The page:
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Terrorist Counterfeit Connection
Aired December 1, 2003 - 08:18 ET
THIS IS A RUSH TRANSCRIPT. THIS COPY MAY NOT BE IN ITS FINAL FORM AND MAY BE UPDATED.
ANDERSON COOPER, CNN CORRESPONDENT: Well, the price may be right for that fake Gucci bag or imitation Rolex watch being sold on the street, but buyer beware. Your cash could actually be supporting terrorists.
Rachel Erhenfeld is the author of "Funding Evil: How Terrorism is Financed and How To Stop It."
She joins us now to talk more about the terrorist counterfeit connection.
Thanks for being with us.
RACHEL EHRENFELD, AUTHOR, "FUNDING EVIL": Good morning.
COOPER: How is that possible, that buying a Gucci bag on the street could actually fund a terror network?
EHRENFELD: It's like buying drugs. You buy drugs and the money ends up in the pockets of a terrorist organization. If you buy counterfeit products and the money ends up also, much of it, in terrorists' hands.
COOPER: Let's talk about the connection. Who are the groups selling these bags and how are they have connections to terror groups?
EHRENFELD: It's, here in the United States it's mainly, but not only, western African groups that are being directed and led by Nigerian. The Nigerian organized crime...
COOPER: By Nigerian organized crime groups?
EHRENFELD: Nigerian organized crime. They...
COOPER: So they, and they smuggle West Africans into the United States to sell these items?
EHRENFELD: Yes. Yes, they do, and many other people, as well, not only Nigerians, but mainly West Africans, to sell. You see them all over the streets of New York and elsewhere, in every big city. You see them also in stores, because counterfeit products are being sold. DVDs and CDs are being sold also in stores. And these people are being brought here in order to sell it, in order to undermine our economy. It costs the U.S. economy about $200 billion only from counterfeit bags and clothing. The CDs and DVDs are not even counted in this.
COOPER: But now where is the connection from Nigerian organized crime groups to international terror networks?
EHRENFELD: The, 50 percent of the Nigerian population is Muslim. The Sharia law is really what is running many of the countries, many of the states in Nigeria.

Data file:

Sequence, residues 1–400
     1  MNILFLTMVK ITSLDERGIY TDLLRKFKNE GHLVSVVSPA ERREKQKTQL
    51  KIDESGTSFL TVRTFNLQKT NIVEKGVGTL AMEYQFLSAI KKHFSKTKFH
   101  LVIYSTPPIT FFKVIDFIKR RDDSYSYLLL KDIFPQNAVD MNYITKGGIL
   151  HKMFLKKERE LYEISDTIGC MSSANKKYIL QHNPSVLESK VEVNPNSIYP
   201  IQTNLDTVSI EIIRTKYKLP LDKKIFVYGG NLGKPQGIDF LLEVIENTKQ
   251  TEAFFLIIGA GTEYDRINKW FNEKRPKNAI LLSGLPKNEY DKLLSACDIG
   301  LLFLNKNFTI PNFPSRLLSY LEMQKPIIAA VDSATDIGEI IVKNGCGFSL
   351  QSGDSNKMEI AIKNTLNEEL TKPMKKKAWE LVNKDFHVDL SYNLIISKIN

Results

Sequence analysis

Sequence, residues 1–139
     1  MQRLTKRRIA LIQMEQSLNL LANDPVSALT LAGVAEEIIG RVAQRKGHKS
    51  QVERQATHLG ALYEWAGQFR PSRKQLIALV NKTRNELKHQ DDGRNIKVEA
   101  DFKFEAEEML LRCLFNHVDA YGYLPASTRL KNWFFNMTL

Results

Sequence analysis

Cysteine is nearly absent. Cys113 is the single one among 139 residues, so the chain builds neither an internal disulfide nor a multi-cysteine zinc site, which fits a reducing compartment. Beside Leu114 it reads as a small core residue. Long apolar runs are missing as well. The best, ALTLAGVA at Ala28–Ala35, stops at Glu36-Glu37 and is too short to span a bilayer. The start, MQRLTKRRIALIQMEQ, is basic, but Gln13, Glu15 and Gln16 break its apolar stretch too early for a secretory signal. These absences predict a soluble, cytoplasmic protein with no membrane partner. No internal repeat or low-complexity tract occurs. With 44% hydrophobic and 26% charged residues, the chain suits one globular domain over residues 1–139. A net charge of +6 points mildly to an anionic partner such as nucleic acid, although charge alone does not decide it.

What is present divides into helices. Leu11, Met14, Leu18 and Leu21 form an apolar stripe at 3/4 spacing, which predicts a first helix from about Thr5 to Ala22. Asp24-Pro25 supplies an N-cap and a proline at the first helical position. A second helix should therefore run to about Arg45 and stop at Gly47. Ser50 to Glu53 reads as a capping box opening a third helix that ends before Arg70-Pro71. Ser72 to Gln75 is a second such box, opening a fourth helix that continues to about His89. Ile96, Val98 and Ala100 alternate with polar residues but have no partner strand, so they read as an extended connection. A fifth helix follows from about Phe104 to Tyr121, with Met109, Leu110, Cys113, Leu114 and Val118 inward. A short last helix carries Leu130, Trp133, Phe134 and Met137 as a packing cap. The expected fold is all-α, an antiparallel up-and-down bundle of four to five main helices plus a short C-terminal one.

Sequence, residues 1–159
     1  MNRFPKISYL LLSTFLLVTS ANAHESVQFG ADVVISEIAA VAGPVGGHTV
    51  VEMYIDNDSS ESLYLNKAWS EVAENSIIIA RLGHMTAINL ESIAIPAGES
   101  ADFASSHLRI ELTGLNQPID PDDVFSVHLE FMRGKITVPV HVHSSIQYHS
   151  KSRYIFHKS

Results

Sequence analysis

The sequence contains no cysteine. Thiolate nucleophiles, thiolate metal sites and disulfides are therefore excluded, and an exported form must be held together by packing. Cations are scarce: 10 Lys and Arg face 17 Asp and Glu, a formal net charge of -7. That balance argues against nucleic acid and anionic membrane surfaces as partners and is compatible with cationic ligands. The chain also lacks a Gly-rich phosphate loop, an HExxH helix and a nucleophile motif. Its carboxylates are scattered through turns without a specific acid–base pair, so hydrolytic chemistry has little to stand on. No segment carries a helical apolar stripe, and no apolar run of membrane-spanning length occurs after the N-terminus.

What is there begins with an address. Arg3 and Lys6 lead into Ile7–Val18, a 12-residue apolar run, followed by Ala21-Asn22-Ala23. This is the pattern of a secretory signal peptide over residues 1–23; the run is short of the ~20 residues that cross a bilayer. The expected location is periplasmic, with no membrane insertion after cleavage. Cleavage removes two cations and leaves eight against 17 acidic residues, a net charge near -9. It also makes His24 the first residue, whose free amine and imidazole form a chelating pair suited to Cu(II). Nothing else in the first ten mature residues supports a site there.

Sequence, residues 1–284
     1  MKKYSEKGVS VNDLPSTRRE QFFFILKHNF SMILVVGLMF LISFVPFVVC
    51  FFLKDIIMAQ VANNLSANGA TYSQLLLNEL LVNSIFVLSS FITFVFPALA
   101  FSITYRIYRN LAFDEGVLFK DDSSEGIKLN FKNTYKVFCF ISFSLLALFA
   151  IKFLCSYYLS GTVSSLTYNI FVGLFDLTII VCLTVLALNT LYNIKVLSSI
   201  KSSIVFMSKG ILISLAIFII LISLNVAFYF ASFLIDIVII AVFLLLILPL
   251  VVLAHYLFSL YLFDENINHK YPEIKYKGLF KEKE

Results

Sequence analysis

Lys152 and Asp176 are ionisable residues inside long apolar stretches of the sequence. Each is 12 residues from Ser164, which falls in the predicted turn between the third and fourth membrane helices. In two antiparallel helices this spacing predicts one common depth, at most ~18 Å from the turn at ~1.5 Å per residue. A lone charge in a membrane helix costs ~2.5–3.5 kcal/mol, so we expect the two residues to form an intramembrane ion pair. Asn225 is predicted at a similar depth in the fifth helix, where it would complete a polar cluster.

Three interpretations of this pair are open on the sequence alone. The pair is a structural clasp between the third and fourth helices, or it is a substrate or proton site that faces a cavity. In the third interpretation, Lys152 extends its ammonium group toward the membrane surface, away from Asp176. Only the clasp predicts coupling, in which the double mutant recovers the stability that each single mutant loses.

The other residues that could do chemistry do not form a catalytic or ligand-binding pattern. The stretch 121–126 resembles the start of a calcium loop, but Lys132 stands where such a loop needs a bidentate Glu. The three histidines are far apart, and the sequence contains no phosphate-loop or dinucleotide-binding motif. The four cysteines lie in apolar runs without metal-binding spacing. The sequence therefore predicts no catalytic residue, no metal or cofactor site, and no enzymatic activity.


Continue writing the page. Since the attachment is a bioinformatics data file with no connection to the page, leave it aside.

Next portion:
EHRENFELD: And so they have an ideological affiliation, if you want. But this is really business. It's an international business and many terrorist organizations, the Hezbollah in South America in tri-region border -- in the tri-border regions in the Middle East, even the Palestinians are counterfeiting a lot of, lot of products and much of it is being sold in the United States, but also in Europe. This is how they are generating a lot of money.
COOPER: So you're saying that the connections between Nigerian organized crime and Hezbollah in South America or even, I guess, al Qaeda, in some cases, or even the IRA, I think you've mentioned in the past...
COOPER: It's not just a political affiliation at times, say, with al Qaeda or the like, it's also just a business distribution method.
EHRENFELD: It's a huge, it's a huge underground business. It is huge -- it is a huge illegal economy that is worth billions of dollars.
COOPER: Do you feel law enforcement in the U.S. is paying enough attention to this?
EHRENFELD: No, I don't think so. I know that the Secret Service is paying a little bit of attention. I know that the British, the Scotland Yard, is having special task forces. Actually, they have a big meeting today, as we speak, with other Europeans about this issue. Even the U.N. has been considering something about this, but back in 1996. And there were some hearings in the Senate in 1999.
But this is really not on the radar of anybody and it should be, because it's huge.
COOPER: It's a fascinating topic.
Rachel Ehrenfeld, appreciate it.
The book is "Funding Evil: How Terrorism Is Financed and How To Stop It."
Thanks for being with us.
EHRENFELD: Thanks for having me. COOPER: All right.
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